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Lung Cancer. 2011 Oct;74(1):139-44. doi: 10.1016/j.lungcan.2011.01.014. Epub 2011 Feb 25.

Prognostic and predictive implications of HER2/ERBB2/neu gene mutations in lung cancers.

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Department of Thoracic Surgery, Aichi Cancer Center Hospital, 1-1 Kanokoden, Chikusa-ku, Nagoya 464-8681, Japan.



Activating mutation in the kinase domain of the human EGF receptor 2 (HER2) gene (also known as ERBB2 or neu) is reported to be present in a small fraction of lung adenocarcinomas. However its prognostic and predictive implications are not yet established.


We examined 504 Japanese lung cancer patients who underwent pulmonary resection for HER2 mutations by direct sequencing and evaluated their prognostic and predictive implications. Updated prognostic data of 14 Japanese patients with HER2 mutation from previous two reports were also gathered.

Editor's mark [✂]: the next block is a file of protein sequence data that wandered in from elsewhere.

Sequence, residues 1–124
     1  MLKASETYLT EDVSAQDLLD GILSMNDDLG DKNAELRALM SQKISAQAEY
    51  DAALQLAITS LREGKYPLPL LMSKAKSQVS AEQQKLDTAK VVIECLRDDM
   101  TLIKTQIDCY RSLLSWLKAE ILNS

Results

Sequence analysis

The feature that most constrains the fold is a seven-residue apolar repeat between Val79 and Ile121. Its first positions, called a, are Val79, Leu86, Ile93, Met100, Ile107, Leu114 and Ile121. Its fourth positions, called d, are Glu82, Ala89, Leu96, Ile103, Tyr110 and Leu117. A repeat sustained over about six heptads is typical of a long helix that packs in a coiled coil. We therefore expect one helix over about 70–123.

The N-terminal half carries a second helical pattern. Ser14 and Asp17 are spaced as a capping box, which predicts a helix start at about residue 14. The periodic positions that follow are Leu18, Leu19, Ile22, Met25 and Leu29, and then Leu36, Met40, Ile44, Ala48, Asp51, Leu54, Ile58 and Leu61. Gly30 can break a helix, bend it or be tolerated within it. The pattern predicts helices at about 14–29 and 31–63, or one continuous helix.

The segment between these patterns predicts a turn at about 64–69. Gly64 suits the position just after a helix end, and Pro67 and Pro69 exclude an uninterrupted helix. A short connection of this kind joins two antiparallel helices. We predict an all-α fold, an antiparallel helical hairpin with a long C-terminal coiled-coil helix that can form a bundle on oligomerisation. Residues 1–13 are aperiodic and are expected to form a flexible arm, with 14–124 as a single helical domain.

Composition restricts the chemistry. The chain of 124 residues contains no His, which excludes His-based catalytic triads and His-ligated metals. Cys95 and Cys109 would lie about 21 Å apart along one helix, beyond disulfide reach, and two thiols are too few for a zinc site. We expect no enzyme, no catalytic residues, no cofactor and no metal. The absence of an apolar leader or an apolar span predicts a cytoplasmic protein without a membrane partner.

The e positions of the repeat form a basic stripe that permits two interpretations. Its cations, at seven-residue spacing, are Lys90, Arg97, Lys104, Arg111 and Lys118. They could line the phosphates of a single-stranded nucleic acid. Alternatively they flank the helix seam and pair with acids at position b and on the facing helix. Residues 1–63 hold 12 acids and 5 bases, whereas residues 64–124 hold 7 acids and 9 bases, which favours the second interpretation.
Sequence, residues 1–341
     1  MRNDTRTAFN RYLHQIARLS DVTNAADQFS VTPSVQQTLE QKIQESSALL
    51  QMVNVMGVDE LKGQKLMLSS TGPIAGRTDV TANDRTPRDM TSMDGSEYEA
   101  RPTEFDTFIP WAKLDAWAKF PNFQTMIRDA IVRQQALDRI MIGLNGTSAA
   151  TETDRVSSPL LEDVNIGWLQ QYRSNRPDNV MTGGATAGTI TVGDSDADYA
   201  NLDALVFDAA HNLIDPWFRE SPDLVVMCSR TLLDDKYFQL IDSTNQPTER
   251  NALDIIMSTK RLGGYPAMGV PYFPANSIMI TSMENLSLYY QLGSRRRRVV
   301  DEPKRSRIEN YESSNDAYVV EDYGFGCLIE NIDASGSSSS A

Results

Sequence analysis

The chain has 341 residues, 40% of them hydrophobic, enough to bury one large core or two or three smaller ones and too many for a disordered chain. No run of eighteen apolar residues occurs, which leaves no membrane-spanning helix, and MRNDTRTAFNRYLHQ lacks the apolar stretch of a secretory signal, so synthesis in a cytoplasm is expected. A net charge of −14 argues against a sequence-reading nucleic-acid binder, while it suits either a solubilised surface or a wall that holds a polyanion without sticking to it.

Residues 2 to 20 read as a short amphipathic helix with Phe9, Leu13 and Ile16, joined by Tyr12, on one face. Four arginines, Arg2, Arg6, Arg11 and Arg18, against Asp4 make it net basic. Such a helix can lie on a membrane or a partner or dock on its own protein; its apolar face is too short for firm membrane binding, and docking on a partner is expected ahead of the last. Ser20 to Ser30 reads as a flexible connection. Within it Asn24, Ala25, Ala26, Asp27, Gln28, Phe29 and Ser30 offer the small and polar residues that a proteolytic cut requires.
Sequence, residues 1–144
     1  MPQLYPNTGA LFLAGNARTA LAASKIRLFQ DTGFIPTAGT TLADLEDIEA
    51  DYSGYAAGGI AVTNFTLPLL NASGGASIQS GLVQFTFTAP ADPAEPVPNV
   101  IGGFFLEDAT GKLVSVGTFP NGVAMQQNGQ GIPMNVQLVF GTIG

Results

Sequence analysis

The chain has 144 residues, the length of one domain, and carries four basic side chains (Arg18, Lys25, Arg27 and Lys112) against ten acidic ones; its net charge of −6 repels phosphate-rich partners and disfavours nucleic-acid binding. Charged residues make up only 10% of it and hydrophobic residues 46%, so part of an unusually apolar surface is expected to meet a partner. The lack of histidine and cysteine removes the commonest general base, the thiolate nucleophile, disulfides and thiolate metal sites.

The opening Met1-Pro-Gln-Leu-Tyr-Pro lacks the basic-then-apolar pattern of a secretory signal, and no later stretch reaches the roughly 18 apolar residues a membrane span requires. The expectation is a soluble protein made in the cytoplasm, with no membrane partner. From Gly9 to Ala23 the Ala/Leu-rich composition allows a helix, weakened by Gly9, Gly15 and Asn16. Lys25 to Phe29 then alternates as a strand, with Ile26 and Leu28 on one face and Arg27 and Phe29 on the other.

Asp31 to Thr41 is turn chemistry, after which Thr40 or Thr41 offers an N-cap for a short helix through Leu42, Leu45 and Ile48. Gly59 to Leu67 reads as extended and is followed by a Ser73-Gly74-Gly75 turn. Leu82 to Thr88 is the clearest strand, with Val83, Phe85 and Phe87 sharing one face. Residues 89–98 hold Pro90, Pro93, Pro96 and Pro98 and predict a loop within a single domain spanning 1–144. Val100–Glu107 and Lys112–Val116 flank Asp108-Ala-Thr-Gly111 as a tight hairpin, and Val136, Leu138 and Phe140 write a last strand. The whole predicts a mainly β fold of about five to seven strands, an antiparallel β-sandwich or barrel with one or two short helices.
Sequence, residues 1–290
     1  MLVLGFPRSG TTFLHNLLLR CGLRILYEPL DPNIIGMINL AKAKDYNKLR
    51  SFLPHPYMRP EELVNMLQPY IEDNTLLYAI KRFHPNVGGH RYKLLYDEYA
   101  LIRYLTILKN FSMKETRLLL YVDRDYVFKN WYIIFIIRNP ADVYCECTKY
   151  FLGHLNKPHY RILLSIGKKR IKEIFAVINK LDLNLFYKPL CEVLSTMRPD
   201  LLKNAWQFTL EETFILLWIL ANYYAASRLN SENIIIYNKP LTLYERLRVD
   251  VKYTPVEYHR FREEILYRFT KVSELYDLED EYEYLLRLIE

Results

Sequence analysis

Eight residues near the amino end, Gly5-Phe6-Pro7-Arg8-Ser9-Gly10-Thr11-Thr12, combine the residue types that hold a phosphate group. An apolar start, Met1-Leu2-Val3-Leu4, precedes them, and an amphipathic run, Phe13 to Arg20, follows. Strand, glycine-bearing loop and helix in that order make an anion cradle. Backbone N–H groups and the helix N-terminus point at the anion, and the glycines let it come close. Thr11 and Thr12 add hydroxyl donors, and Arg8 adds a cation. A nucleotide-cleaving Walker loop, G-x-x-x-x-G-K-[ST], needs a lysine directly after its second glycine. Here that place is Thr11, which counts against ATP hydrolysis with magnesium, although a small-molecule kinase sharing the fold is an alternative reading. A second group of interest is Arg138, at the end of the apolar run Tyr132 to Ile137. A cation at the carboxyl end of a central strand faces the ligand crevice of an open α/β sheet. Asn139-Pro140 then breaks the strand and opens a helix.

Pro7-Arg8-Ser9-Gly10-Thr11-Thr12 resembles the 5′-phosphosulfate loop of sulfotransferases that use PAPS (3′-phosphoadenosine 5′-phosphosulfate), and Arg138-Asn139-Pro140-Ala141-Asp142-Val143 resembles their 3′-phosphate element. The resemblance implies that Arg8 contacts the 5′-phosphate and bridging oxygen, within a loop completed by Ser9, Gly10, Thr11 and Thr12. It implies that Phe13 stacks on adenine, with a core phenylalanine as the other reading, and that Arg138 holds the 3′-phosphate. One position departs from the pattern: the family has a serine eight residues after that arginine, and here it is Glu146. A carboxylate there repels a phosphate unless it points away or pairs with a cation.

HER2 mutations were identified in 13 of 504 cases (2.6%). Patients with HER2 mutations were common in female, nonsmokers and adenocarcinomas as those with EGFR mutations. When confined to the subgroup of nonsmokers with adenocarcinoma or adenosquamous cell carcinoma without EGFR mutations, the frequency of HER2 mutations was 14.1% (11/78). There was no difference in the overall survival of patients with HER2 mutations, compared with patients harboring EGFR mutations and patients harboring wild types for both EGFR and HER2. Within the patients with HER2 mutation, two of three with TP53 mutation and one of 13 without TP53 mutation died of the disease, suggesting negative prognostic role of the TP53 mutation. Three patients with HER2 mutations did not respond to platinum-based chemotherapy and EGFR-TKIs. Of note, one patient with the most common HER2 mutations, YVMA776-779ins, responded to trastuzumab plus vinorelbine after failure of multiple round of platinum-based chemotherapy and gefitinib.


HER2 mutations are present in a subset of patients with lung cancer having distinct clinical features. HER2 mutations were not associated with the prognosis of patients with lung cancers. Patients with HER2 mutations might benefit from anti-HER2 therapy.

[Indexed for MEDLINE]

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